Bernard Chansa is also certified as a trainer of trainers in borehole construction and maintenance. He is also the only plumber at the Mansa Municipal Council, and is, therefore, always needed for countless tasks. He started working at the council in 2006. He leads the construction team in the field. Patrick Chabu is a skilled bricklayer. He is in charge of the soak pit construction and plastering at all the schools. He started working for the council in 2007.
Michael Mpana and Daniel Impundu are half-brothers. Michael is 20 years old and Daniel is 19. They are both handymen and help with all the labor-heavy tasks. They are in training with Mr. Chansa in borehole construction and maintenance.
This project will directly impact 807 people; 797 students enrolled at the school and a teaching staff of 10. It also will impact surrounding villages (who will have access to the borehole), visitors and future students. A Conservative Estimate of the total impact is closer to 3,000 people.
Returned Peace Corps Volunteer Directing Project
Monitoring and Maintenance
The school and surrounding communities have been involved in every step of this project’s progress. It is a long-held belief, that development without community engagement is not sustainable. These boreholes have an expected lifetime of 50 years. It is the hope of many that the communities will sustain their borehole for that lifetime.
During the construction process, the community will provide labor, sand, and stone for the project. The value of these contributions is about 20% of the full project cost.
The students will be engaged in the process of sensitizing the community. Teachers will prepare a course about water, sanitation, and proper utilization of the borehole. Class discussions will include information about boiling drinking water, chlorine usage, washing hands after latrine use and proper hygiene. Following the course, students will create sketches, poems, dances, and songs of various scenarios around water and sanitation. The performances will demonstrate proper and improper borehole use. The students will present to the community at large for a day of sensitization and celebration.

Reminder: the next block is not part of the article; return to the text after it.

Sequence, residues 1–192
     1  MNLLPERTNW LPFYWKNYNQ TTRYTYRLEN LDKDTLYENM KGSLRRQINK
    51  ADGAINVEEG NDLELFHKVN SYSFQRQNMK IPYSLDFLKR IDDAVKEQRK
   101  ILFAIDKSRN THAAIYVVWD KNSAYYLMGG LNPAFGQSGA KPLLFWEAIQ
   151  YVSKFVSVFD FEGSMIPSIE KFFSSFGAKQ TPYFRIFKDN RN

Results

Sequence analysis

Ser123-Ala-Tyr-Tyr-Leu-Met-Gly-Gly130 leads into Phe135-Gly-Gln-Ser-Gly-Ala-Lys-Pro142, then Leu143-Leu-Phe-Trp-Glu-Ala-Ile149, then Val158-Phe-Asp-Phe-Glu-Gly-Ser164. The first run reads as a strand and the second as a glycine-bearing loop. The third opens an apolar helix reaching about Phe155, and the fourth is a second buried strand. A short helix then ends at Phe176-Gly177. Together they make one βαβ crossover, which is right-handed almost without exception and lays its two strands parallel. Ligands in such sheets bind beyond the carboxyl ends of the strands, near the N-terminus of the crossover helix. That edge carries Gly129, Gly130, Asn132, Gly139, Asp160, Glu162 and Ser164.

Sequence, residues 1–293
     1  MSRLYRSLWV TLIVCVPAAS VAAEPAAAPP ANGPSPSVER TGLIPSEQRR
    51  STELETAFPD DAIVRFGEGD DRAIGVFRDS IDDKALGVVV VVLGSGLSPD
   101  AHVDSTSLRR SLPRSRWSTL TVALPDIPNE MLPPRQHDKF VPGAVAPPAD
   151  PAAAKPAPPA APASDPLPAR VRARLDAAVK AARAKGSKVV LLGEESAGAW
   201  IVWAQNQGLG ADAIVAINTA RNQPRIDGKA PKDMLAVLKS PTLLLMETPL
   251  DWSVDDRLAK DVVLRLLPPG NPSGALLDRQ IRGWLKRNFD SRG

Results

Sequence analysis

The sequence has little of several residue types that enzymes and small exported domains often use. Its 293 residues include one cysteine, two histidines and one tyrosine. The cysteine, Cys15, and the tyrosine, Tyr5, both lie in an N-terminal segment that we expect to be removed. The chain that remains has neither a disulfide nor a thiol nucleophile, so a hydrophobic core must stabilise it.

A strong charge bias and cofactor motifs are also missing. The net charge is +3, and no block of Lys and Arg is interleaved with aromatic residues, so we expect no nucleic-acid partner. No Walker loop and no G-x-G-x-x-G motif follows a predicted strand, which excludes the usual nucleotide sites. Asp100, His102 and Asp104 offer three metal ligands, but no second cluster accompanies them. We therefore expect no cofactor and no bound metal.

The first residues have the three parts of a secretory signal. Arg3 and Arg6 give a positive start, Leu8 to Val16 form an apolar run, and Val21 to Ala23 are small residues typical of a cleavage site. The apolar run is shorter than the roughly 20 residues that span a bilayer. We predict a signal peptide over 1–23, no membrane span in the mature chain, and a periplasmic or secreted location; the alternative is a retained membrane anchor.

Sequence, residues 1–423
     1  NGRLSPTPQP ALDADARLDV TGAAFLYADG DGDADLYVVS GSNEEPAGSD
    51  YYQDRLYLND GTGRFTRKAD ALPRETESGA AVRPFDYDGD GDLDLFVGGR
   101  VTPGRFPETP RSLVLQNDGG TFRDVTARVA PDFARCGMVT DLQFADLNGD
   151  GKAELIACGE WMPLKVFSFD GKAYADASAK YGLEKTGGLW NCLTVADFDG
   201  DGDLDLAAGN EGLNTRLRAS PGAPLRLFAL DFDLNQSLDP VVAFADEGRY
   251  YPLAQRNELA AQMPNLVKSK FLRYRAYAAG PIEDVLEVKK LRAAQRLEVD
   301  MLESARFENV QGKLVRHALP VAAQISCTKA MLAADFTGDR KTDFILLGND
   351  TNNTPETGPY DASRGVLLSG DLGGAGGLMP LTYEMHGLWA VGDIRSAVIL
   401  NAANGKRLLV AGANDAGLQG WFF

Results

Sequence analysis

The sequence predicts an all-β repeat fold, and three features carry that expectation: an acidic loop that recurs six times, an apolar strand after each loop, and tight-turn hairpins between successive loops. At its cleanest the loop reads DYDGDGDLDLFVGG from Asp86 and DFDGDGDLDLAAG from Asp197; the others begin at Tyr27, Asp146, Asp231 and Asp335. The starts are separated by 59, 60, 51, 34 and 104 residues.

Lastly, Fimpulu Primary School has formed a maintenance committee to monitor and protect the borehole. Teachers and the Parent Teacher Association are involved in the committee and will ensure proper regulation, operation, and maintenance. This committee will meet regularly to address any issues that arise. The committee will be responsible for determining hours of operation for the borehole (and locking the borehole on off hours), as well as collecting community fees. All community fees will be safely secured for a spare parts fund. Spare parts are available in the district capital of Mansa. Additionally, rural area pump minders are trained to repair the Afridev boreholes. Area pump minders (or APM’s) are equipped with toolkits and bicycles to reach rural areas and assist with repairs.
The school will now have a reliable source of drinking water. The struggle to find water and the time spent searching will be eliminated. Since the task of fetching water mostly falls on young girls, this project will most impact them. The students will have more time to dedicate to their studies and other tasks. The impact of a clean water source on campus is expected to improve health and sanitation at school, resulting in improved school attendance. The school has been instructed to plant fruit trees near the borehole, to also assist with the issue of food security in the area.
While this is not an official Let Girls Learn project, it does fall into Water Charity’s LGL+ grouping of projects that have a pronounced element involving helping girls go to, and stay in, school, and being part of Water Charity’s Let Girls Learn Initiative.
Emily McKeone worked with Water Charity as a PCV, directing the prototype project, which created boreholes for three schools. With the assistance of Water Charity, she was able to come back to Zambia as an RPCV and continue her work. Now we are completing 13 more school boreholes with Emily, of which this is #10, bringing the total to 16 schools boreholes in Zambia.
This project has been fully paid for by an anonymous donor.
This project has been completed. To see the results, CLICK HERE.
If you like this project, please donate to the Water for Zambia Program so that we will have money available for similar projects.